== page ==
New York Music Daily

Love's the Only Engine of Survival

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Ward Hayden and the Outliers Put Out a Smart, Subtly Lyrical, Searingly Relevant Americana Rock Record

Ward Hayden and the Outliers play catchy, high-voltage, lyrically edgy Americana rock. Their new album Free Country – available as a name-your-price download at Bandcamp – was written and recorded during the lockdown, although the political content is more subtext than it is central in Hayden’s sharply detailed narratives. He keeps his songs short, sings in an unselfconsciously soulful baritone and likes escape anthems.

The band open with a brisk four-on-the-floor burner, Nothing to Do (For Real This Time), which strongly brings to mind Matt Keating, another great songwriter with a Massachusetts connection:

A stranger in my hometown,
A stranger in my own house
I can’t go home, I burned that bridge, spent my last dime
I’ve got nothing to do for real this time
This is what happens when you wake up
All the cool kids in the class
Just actors in a mask…

The band – Hayden on guitar and vocals, Cody Nilsen on lead guitar and pedal steel, Greg Hall on bass and Josh Kiggans on drums – slow down for Shelly Johnson, a grim salute to the Twin Peaks character. “Muscle and mind are two different things, that’s why smalltown queens rarely keep their kings,” Hayden observes. The outro is priceless.

“It seems the truth no longer matters,” Hayden relates in I’d Die For You, a brisk shuffle fueled by Nilsen’s steel:

Life isn’t like the movies, you think just what you believe,
No matter your perspective
As fate would have it
We’ve got to share reality

Political message cached in a love song, Soviet style – or lockdown-era Massachusetts style.

The band work off a familiar Link Wray riff as Sometimes You Gotta Leave gets underway, twelve-string jangle contrasting with distorted roar and soaring bass, with a big careening guitar outro. Middle Man is part loping, twangy southwestern gothic and part honkytonk: Hayden’s message is carpe diem.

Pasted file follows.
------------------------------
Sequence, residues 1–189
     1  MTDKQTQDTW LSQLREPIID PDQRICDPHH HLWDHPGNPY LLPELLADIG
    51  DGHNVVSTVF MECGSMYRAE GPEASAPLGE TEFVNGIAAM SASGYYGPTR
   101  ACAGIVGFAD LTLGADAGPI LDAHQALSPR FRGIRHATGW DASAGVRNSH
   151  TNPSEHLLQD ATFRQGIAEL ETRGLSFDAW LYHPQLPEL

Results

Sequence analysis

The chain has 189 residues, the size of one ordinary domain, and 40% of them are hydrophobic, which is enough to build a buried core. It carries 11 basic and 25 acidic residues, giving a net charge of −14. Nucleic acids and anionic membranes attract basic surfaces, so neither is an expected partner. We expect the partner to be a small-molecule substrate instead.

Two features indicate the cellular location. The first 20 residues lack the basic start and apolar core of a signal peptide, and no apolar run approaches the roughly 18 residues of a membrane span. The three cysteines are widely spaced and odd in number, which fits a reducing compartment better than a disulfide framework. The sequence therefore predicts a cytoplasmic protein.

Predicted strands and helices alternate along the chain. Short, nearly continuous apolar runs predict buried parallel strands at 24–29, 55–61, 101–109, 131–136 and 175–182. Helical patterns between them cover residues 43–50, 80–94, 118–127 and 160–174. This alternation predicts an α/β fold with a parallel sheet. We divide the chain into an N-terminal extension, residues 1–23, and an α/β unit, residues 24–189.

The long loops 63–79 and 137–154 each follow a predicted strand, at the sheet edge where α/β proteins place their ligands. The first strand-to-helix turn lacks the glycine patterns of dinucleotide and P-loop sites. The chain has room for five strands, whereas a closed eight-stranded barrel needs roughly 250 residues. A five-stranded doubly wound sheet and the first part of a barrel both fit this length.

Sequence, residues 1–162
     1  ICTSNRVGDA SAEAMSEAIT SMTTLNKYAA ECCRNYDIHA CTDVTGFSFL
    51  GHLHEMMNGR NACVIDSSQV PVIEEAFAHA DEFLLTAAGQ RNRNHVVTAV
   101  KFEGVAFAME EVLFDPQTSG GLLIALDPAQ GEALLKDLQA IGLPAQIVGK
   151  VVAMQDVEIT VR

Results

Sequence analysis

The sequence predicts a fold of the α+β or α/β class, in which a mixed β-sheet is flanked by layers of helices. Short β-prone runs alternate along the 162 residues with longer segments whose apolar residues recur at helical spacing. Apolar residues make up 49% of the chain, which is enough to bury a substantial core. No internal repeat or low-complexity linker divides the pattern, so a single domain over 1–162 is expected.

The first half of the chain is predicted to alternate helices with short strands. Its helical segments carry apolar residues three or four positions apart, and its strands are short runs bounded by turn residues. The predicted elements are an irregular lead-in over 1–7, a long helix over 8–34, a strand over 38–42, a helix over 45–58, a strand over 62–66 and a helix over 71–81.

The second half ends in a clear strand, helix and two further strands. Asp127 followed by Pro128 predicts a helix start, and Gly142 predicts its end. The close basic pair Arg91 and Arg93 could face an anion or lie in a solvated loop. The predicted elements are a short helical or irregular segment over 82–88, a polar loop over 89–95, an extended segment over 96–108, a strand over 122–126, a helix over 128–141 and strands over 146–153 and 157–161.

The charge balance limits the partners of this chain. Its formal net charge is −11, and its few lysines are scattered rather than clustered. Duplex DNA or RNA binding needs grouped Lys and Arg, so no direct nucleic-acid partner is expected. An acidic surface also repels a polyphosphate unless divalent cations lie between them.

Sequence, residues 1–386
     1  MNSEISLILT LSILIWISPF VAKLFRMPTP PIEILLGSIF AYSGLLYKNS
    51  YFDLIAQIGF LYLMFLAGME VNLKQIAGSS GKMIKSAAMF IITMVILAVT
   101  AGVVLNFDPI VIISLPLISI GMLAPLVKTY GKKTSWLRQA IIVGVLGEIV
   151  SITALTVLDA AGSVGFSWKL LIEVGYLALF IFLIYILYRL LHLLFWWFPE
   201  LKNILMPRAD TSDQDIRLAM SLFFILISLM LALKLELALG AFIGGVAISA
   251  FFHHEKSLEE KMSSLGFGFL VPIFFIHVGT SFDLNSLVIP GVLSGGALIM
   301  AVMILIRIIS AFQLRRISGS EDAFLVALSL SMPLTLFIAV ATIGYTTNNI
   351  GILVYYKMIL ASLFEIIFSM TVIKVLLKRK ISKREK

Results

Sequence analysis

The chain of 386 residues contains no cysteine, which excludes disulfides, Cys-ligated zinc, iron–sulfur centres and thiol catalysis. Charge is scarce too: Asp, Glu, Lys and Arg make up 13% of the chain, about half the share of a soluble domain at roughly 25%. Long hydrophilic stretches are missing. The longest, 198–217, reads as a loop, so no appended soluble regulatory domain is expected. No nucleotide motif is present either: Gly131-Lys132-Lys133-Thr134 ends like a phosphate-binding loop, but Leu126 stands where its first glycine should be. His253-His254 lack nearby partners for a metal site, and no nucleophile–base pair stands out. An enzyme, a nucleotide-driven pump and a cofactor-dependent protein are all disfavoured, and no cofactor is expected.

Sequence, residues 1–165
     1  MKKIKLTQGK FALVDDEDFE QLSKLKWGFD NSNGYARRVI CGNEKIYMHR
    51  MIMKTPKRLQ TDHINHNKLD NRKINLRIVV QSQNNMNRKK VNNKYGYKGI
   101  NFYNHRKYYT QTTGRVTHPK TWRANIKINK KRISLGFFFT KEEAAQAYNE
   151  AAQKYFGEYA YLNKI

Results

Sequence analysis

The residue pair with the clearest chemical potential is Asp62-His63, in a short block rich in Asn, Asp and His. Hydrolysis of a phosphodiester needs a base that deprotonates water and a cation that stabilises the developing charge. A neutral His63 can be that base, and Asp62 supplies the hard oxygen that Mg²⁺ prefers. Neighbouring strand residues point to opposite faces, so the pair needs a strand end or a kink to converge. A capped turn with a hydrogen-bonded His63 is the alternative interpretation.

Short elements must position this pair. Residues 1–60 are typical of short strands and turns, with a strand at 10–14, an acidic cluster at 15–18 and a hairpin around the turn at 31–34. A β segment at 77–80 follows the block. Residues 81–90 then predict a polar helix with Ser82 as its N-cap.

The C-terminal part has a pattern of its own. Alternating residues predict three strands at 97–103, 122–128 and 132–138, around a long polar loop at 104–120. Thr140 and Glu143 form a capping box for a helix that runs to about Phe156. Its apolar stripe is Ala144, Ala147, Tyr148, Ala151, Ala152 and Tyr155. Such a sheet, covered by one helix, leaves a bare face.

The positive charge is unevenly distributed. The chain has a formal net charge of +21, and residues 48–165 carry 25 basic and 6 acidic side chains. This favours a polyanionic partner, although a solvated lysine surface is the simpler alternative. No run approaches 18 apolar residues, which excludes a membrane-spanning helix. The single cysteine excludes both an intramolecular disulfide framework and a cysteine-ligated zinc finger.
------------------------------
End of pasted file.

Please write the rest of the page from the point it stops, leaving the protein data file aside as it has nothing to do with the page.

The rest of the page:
Over a punchy twin-guitar crunch, he contemplates the end of the world – and the heroism that could stop it – in All Gone Mad, a capsule of the ugly early days of the lockdown:

Seriously, I’m asking, as I’ve been thinking
That if you ain’t Babe Ruth then you ain’t Abe Lincoln
You don’t die trying, until you just get old
Then you ride down the road with your blinkers still blinking

Hayden goes back to the carpe diem theme in the escape anthem Bad Time to Quit Drinkin’ – the reference to a famous song by the Who is a typically sardonic touch. Irregardless, a Buddy Holly-ish shuffle, touches on the interminable torture so much of the world has suffered under lockdowns, and the mess future generations will have to clean up:

All we’ve got is the damn tv
Leading us from the path to glory
I don’t want this reality

As Hayden sees it, Indiana is a place where “The devil rocks the cradle, it’s in the soil, in the air and one and all.” He and the band close the record with When the Hammer Falls, a smoldering, swaying number that sounds a lot like the Dream Syndicate. It’s a good bet that producer Eric “Roscoe” Ambel is responsible for one or more of the noisy guitar multitracks. It’s been a real slow year for rock records, and it may get even slower. Be that what it may, this is one of the best of the bunch.

A Bushwick Gig and a Couple of Hot Records From Cold Dice

More about that killer heavy rock quadruplebill happening at Our Wicked Lady on Aug 12 starting at 8.

Cold Dice open, followed at 9 PM by Certain Death, whoever they are, then at 10 PM the fuzzily surreal stoner sounds of Grave Bathers, with the sinister, female-fronted Castle Rat headlining. Cover is $12.

Cold Dice’s new single and also their debut cassette are up at Bandcamp as name-your-price downloads. They’re a power trio with an unusual lineup: bassist Aidan also fronts the band, joined by guitarist Frank and drummer Ben.